Use this URL to cite or link to this record in EThOS:
Title: An exploration of self-management in the context of stroke: a mixed methods study
Author: Kahraman, Ayfer
Awarding Body: St George's, University of London
Current Institution: St George's, University of London
Date of Award: 2013
Availability of Full Text:
Full text unavailable from EThOS.
Please contact the current institution’s library for further details.
Stroke is a public health concern throughout the world due to its association with high levels of mortality and long-term morbidity. Stroke is a chronic condition. There is evidence that the use of self-management strategies can be associated with positive outcomes for people with chronic conditions. The evidence relating to stroke and self-management informs stroke policies in the UK. However, there is minimal understanding of self-management in the context of stroke. Rehabilitation interventions which can adequately address the longer term needs require an understanding of key factors which may influence self-management in stroke survivors. The overall aim of the research presented in this thesis was to explore the concept of self-management in the context of stroke. This thesis presents a mixed methods study that was designed to address three specific and connected research questions. This thesis described three studies. Firstly, through a systematic review of qualitative studies with thematic synthesis it systematically examined the current literature to determine stroke survivors' experiences of living with stroke and the biopsychosocial factors that may influence these experiences of post-stroke life as well as the components of these factors that might be relevant to self-management. Secondly, through a prospective quantitative cohort study, it investigated the biopsychosocial individual characteristics associated with self-management and self-efficacy in adults with stroke. Finally, through a qualitative interview study, it explored the meaning(s) ascribed to "self-management" by stroke survivors and healthcare professionals. The key findings taken together reveal new insights into the psychosocial phenomena that shape coping and adjustment after stroke; the biopsychosocial factors that influence selfmanagement and self-efficacy; and the conceptualisations of self-management. This thesis therefore develops new understandings of self-management in the context of stroke. Findings have implications for formulation, organization and delivery of better aftercare and the rehabilitation that follows.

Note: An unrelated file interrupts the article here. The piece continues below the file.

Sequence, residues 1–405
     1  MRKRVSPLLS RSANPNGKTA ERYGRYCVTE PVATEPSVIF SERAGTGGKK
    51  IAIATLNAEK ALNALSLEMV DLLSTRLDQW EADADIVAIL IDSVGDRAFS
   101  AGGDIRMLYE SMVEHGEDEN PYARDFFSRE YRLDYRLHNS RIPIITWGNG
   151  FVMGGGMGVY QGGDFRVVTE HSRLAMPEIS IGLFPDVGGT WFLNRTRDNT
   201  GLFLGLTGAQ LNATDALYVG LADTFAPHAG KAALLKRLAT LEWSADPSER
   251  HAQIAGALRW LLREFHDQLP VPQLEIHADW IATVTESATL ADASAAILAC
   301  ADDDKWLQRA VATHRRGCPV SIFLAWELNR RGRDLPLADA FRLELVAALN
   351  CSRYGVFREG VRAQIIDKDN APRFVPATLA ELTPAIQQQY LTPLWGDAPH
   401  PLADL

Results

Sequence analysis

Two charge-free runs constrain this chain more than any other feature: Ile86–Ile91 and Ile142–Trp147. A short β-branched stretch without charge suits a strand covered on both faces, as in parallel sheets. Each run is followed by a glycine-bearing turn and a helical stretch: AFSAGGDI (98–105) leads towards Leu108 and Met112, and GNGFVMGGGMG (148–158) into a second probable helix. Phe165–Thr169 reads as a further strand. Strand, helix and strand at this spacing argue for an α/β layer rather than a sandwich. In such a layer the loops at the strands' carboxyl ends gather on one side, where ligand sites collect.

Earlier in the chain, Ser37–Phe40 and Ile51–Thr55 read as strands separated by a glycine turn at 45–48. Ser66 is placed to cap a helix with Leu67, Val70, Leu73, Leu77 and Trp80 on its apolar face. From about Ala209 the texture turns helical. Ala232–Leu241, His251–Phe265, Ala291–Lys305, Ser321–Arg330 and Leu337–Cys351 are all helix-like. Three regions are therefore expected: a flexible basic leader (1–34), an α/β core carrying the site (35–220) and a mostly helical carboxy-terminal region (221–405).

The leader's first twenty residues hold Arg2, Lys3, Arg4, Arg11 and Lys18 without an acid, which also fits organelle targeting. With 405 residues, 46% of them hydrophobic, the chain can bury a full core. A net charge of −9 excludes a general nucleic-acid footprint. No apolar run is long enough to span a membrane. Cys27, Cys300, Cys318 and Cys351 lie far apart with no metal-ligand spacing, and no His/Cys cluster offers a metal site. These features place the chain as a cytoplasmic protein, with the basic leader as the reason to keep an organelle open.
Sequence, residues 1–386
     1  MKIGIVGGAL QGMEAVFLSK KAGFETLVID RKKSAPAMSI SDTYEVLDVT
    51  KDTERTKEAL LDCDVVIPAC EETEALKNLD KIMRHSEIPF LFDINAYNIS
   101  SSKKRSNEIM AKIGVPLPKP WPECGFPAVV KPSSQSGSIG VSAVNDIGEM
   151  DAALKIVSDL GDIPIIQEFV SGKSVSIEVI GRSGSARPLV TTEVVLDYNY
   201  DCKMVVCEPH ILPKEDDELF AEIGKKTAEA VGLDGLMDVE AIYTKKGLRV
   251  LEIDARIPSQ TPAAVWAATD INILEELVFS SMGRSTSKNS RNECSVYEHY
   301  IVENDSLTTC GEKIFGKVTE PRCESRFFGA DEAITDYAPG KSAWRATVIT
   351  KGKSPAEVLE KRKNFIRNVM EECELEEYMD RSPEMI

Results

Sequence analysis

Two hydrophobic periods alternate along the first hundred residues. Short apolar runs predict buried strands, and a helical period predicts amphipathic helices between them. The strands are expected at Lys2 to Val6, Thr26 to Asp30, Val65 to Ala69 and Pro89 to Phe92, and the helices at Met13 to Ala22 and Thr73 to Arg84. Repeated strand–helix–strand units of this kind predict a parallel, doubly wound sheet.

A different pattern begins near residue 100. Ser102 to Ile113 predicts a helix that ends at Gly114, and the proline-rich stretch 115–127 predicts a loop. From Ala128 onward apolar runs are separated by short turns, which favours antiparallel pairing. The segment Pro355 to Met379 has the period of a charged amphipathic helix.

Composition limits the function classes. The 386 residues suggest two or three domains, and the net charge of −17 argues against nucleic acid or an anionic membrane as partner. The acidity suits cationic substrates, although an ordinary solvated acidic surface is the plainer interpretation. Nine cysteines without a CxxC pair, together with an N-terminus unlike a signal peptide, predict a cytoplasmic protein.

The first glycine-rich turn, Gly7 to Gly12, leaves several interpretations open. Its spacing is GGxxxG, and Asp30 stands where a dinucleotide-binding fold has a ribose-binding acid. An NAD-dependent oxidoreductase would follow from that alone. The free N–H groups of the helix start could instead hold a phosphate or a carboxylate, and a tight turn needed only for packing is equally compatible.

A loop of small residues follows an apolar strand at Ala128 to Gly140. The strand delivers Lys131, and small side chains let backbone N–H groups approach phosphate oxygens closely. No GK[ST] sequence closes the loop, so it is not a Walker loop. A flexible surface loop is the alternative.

Supervisor: Not available Sponsor: Not available
Qualification Name: Thesis (Ph.D.) Qualification Level: Doctoral
EThOS ID:  DOI: Not available